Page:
## Electromagnetic WavesElectromagnetic Waves

Electromagnetic waves are transverse waves comprising of electric and magnetic fields oscillating at right angles to each other. Different types of EM waves are classified by wavelength. Type of EM wave Wavelength Radio waves Microwaves Infrared Visible Ultraviolet...

## Wave MotionWave Motion

Progressive waves are oscillations that travel through matter (or vacuum), transferring energy from one place to another, but not matter. In a transverse wave the oscillations are perpendicular to the direction of energy transfer (e.g. electromagnetic waves, waves on...

## Potential DividersPotential Dividers

Potential dividers are electric circuits that divide the potential difference across two or more components (often two resistors) in order to produce a specific output. Potential dividers function by the fact that the p.d. across each resistor depends on its...

## Circuit SymbolsCircuit Symbols

Consult the textbook or the internet.

## Internal ResistanceInternal Resistance

When current flows through a power source, some energy is lost and not all energy transferred to the charge is available for the circuit. The terminal p.d. is the measured at the terminals of the power source is therefore less than the actual e.m.f., and this...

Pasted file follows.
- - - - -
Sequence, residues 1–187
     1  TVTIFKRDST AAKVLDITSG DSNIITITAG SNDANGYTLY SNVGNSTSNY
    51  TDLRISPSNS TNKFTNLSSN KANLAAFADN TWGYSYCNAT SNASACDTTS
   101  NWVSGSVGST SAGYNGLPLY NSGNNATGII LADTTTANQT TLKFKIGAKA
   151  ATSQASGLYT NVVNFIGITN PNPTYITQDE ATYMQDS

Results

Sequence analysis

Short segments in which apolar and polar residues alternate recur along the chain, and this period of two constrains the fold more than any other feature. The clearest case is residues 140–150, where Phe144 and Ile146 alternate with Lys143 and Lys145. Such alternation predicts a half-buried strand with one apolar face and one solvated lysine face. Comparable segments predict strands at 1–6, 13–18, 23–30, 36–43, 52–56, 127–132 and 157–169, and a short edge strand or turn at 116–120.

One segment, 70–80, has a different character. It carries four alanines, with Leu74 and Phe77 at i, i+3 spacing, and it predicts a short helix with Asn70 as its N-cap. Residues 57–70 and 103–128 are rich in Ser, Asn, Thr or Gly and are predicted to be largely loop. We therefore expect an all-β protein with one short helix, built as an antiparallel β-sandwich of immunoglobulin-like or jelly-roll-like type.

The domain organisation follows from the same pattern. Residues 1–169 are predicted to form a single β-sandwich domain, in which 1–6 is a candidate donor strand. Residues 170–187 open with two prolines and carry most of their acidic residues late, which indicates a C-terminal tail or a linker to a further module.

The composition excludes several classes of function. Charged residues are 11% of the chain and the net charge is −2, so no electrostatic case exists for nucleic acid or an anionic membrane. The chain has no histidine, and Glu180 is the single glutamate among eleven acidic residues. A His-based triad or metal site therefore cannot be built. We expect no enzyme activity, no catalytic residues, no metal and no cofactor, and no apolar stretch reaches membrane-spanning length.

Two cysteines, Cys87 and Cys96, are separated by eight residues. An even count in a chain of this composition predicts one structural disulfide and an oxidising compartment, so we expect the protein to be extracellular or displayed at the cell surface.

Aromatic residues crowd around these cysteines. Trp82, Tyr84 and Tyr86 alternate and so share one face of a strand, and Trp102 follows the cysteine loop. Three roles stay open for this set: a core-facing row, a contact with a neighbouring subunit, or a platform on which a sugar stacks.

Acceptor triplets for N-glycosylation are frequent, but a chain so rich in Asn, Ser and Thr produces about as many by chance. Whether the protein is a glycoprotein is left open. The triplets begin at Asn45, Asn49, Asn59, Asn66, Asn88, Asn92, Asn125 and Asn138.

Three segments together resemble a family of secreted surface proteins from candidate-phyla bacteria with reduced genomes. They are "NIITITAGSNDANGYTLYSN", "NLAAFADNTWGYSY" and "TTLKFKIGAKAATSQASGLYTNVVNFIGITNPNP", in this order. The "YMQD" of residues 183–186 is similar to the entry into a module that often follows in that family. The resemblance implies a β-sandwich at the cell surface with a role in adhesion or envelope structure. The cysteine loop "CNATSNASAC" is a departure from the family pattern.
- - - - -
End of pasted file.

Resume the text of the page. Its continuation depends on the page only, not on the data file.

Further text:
## Series and Parallel CircuitsSeries and Parallel Circuits

In series circuits, there is only one possible path for the current. The current is the same in every position and the sum of the e.m.f.s equals the sum of the IR products. In parallel circuits, there is more than one possible path for the current. How much charge...

## PowerPower

Power is the rate of energy transfer by each electrical component. This equation can be combined with = × to give two additional equations for power: Since = , this equation also yields:

## ResistivityResistivity

Resistivity is a property of a material, measured in Ωm, defined as the product of the resistance of a component made of the material and its cross sectional area divided by its length at a given temperature. Good conductors have a very low resistivity (in the order...

## ResistanceResistance

The resistance of a component is defined as the ratio between V and I. Its unit is the ohm, where Ohm’s law states that, for metallic conductor kept at a constant temperature, the current in a wire is directly proportional to the p.d. across its ends. Resistance...